Our DSL development process consists of the three phases design, implementation and evaluation and is based on the DSL development approach by Mernik . We employ this process for all domains we address including biogeochemical models, ocean transport, simulation configuration, and model deployment. Each domain is related to a specific role in ocean system modelling, which requires particular knowledge of this sub-domain.
DSL Design Phase
The design phase comprises three tasks including the decision for a specific DSL approach, domain analysis, and formal specification .
Decision Identification of the associated role and the domain of a DSL. An understanding of both steers the process of selecting a DSL approach. In this process, we will decide whether we have to extend an existing DSL or create a new DSL. In case we intend to compare the fitness of internal and external DSLs for a specific domain and role, we engage the remaining process for both approaches.
Domain analysis Discovery and research of domain concepts and their relationships. This activity includes the analysis of biogeochemical modelling examples provided by experts, interviews and literature review.
Formal specification Specification of the abstract syntax, textual grammar, and graphical representation of the DSL, alongside the semantics of the language constructs.
The DSL designs are extended iteratively based on feedback from our pilot scientific users to ensure they meet their needs and expectations. To enable discussions of the language features with scientists, we will incrementally and iteratively create prototypes. Therefore, design and implementation tasks are interlinked.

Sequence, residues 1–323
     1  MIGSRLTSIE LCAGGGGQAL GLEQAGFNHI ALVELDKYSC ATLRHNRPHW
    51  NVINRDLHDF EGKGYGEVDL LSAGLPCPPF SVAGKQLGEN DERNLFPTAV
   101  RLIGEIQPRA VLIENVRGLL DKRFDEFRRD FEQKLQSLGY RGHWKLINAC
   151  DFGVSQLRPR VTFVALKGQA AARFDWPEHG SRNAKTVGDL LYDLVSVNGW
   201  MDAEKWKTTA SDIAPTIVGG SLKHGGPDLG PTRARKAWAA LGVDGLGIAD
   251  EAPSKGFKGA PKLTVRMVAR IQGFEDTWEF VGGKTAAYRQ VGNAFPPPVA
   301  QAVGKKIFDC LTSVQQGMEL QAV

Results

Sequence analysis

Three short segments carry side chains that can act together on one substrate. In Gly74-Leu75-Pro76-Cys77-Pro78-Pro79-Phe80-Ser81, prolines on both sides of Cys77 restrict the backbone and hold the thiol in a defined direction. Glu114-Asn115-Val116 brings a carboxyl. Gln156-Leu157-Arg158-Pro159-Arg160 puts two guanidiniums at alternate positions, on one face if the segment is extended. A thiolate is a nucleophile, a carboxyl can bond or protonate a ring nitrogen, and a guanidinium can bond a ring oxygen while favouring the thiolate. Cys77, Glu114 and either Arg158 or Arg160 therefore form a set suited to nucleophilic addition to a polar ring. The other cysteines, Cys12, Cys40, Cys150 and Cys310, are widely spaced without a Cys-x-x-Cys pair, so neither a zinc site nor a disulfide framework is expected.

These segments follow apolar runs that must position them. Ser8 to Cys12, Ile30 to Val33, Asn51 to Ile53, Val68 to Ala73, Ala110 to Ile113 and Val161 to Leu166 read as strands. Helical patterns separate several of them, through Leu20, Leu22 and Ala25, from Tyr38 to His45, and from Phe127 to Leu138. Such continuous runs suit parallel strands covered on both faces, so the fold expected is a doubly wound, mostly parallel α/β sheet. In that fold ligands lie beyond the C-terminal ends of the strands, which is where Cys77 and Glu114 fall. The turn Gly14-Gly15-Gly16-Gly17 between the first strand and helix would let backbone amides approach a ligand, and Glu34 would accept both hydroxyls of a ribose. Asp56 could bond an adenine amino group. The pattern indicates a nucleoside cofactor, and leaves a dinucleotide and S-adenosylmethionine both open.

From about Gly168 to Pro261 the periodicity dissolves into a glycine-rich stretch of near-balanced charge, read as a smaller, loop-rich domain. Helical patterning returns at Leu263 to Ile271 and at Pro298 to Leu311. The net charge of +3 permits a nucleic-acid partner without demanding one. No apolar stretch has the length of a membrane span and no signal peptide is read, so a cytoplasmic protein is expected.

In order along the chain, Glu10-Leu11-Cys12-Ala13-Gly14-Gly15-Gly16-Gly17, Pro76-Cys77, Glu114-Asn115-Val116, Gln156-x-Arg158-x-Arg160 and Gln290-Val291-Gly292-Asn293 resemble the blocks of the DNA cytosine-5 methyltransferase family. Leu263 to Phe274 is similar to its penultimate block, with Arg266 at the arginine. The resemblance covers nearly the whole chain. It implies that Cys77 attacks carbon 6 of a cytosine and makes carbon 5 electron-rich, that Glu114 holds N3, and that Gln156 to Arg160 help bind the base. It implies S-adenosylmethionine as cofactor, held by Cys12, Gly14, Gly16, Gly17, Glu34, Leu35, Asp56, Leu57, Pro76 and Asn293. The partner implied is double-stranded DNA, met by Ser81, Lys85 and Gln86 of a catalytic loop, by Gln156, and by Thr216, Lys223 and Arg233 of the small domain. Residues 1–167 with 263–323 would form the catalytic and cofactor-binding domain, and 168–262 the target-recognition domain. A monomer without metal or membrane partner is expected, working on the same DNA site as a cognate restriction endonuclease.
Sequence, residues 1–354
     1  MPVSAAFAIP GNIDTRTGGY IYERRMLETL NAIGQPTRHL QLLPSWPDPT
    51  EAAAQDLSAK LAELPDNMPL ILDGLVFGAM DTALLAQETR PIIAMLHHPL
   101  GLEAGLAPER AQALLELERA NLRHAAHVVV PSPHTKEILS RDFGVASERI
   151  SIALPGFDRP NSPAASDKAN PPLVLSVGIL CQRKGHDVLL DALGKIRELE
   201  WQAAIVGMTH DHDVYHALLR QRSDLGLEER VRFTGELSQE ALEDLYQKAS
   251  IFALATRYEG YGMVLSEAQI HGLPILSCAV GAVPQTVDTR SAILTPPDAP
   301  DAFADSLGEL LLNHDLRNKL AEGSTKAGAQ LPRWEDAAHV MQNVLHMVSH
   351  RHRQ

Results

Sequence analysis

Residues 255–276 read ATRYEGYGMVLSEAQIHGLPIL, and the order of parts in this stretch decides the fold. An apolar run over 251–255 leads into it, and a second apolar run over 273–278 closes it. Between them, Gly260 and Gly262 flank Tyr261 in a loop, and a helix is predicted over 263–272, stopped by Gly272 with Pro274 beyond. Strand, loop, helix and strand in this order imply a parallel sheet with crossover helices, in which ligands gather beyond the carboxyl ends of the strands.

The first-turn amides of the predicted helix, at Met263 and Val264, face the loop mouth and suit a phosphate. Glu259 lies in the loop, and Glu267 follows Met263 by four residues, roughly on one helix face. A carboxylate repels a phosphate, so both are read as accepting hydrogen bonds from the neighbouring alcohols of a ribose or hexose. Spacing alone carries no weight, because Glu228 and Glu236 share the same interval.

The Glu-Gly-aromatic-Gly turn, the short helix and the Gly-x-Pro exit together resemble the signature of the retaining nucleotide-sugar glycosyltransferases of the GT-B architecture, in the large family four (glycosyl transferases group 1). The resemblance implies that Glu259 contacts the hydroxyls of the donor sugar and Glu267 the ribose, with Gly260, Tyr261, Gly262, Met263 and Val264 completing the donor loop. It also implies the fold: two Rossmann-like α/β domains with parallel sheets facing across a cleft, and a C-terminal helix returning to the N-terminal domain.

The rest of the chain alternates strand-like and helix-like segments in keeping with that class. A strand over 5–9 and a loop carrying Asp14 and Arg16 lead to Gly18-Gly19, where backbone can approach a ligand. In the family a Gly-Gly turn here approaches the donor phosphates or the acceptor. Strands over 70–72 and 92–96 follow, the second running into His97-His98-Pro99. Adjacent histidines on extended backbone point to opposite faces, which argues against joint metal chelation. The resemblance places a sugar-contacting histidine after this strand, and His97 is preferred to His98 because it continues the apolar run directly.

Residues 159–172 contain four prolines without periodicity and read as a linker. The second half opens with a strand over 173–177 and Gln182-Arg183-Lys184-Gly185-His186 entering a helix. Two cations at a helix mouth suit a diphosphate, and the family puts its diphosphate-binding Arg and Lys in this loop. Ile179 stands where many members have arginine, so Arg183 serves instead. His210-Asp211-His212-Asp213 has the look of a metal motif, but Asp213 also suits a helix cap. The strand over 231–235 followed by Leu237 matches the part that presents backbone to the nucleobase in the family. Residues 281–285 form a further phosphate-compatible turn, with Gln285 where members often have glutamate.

DSL Implementation Phase
For each DSL, the implementation work package addresses development and evolution of the DSLs. The implementation differs between internal and
For internal DSLs, this includes the development of appropriate libraries for GPLs which are often used in computational science. As initial host GPL we intend to use C++, as we did with Sprat [Johanson and Hasselbring, 2014b]. We also intend to experiment with Fortran (as a GPL traditionally employed in computational science) and Python (as a GPL increasingly employed in computational science). These three GPLs have a significant dispersion and permeation in computational science.
For external DSLs, this includes the development of editors supporting a prototypical DSL to enable the discussion with the scientists regarding language features and expressions. Based on our experience with Xtext , it should be possible to quickly provide prototypes of external DSLs for early discussion with our domain experts. This also includes the development of code generators to automate modelling tasks and generate code for different programming languages such as Fortran, C++, and Python. The code generator construction includes the specification of mappings between the semantics of the DSL and their programming language counterparts, and the subsequent implementation of external DSLs. To support the iterative nature of the development, we will use the code generator composition approach GECO  with Xtext and Xtend .